It is over 20 years since Amazon was founded and traditional retailers are increasingly failing to retain market share – or, in many cases, even survive. The online giant achieved £6.3 billion in annual sales last year and, in a difficult market, a significant proportion of that revenue was derived from the competition.  From homeware to fashion, groceries to, most recently, car parts, Amazon’s reach continues to expand. For retailers with a high cost fixed infrastructure, this shrinking market share means higher cost per unit sold and ever greater pressure on margins.

For all but the most niche retailers with a very specific, high value, high margin offer, the logistics of retailing are increasingly not stacking up. From product range to pricing, customer service to brand value, retailers recognise the need for a better model, one that expands the range on offer while driving down supply chain costs and ensuring the highest possible customer service levels.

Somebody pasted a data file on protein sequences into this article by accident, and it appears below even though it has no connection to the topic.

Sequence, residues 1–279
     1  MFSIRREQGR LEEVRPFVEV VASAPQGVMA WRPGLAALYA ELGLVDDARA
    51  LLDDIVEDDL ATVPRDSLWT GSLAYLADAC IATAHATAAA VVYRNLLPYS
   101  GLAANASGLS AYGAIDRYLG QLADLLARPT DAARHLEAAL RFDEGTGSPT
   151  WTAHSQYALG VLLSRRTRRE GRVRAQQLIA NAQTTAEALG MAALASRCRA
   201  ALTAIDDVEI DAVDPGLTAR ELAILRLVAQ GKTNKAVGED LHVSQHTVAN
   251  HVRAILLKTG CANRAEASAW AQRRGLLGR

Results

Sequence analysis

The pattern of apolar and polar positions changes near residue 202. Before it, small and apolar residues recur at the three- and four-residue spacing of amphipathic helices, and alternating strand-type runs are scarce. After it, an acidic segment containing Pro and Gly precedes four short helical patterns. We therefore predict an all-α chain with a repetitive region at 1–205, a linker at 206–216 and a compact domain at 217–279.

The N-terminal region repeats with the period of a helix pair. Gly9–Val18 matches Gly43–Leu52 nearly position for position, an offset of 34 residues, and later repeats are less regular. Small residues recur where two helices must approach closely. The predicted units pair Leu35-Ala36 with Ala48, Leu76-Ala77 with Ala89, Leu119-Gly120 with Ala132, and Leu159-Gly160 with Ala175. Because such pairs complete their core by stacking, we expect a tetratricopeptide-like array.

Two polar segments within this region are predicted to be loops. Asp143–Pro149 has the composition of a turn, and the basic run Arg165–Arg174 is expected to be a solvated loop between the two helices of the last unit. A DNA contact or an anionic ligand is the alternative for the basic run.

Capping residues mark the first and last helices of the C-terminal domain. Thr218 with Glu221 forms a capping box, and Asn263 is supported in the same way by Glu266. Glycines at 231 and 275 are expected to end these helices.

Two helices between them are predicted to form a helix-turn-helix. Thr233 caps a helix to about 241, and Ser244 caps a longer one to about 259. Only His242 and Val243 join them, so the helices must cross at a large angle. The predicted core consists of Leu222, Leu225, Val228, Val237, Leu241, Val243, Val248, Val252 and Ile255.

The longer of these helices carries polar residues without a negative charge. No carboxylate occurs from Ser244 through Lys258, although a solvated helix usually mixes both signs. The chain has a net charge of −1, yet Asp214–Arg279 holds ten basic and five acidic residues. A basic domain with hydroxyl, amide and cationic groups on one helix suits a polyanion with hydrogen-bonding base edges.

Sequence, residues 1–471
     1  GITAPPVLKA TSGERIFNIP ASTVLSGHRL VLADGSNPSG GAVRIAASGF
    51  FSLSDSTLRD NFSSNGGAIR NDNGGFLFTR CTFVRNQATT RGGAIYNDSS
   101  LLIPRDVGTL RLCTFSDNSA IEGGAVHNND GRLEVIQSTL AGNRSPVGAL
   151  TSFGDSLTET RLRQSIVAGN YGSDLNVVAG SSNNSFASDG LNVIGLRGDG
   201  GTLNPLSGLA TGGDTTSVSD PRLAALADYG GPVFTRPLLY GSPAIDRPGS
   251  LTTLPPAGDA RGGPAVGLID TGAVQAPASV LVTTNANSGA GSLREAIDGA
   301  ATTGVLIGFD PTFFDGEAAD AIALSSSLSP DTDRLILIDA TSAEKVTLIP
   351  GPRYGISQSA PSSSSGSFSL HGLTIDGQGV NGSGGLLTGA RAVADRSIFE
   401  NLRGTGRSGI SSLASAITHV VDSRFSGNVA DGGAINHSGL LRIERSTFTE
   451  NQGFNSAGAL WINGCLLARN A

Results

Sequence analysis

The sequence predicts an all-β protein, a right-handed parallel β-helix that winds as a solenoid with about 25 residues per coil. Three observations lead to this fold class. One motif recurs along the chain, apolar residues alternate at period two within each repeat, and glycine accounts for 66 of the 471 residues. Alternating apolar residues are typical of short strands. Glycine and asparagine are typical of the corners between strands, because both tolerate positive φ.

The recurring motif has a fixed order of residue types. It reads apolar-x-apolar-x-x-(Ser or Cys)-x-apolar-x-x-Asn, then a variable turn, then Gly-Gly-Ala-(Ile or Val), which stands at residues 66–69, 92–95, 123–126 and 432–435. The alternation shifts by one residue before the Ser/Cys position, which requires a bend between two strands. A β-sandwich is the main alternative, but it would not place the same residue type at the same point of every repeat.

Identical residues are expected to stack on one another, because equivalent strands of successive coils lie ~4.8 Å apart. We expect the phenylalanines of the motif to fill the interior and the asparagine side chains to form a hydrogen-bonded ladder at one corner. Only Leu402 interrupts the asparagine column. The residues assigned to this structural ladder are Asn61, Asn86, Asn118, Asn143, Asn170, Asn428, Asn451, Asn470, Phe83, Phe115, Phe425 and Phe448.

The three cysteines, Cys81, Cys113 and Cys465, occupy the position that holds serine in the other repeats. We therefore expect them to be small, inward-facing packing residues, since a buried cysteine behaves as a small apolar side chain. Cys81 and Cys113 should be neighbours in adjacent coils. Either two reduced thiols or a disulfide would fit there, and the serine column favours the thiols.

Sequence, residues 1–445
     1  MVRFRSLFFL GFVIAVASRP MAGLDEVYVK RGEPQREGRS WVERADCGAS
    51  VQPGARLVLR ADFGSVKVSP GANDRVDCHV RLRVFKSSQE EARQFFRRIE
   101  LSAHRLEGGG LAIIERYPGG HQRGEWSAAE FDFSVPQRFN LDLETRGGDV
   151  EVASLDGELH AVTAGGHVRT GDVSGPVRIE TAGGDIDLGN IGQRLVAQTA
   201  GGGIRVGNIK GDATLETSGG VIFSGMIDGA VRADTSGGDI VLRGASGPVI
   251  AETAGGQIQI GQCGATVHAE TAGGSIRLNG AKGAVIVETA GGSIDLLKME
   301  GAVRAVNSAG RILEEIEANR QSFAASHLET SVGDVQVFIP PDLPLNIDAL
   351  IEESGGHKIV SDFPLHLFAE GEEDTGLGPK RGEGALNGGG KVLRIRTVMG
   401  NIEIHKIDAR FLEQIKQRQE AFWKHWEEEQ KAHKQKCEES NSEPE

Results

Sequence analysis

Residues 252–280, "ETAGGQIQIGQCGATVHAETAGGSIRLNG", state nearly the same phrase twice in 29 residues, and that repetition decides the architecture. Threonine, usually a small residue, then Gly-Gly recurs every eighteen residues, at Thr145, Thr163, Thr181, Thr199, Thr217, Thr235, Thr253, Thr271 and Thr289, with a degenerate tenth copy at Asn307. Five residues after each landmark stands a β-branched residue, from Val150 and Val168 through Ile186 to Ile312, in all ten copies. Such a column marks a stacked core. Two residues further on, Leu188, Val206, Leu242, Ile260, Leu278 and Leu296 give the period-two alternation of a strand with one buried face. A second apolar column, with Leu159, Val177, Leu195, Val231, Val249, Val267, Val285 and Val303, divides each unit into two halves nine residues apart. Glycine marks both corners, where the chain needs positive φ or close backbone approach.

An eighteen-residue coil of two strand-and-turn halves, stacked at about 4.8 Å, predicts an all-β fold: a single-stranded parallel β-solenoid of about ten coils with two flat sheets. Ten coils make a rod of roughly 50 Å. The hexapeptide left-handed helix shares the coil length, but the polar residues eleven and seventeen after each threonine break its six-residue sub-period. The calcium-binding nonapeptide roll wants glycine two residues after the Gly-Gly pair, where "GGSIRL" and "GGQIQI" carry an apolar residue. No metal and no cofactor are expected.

The concept of drop shipping – where the supplier ships direct to the customer rather than to the retailer’s distribution centre – is clearly compelling. It offers retailers the chance to reduce the number of distribution centres, minimise logistics costs and massively expand the range on offer. Yet to date many retailers continue to delay their adoption of drop shipping and, as a result, continue to struggle with an outdated, unprofitable approach.

Lack of commitment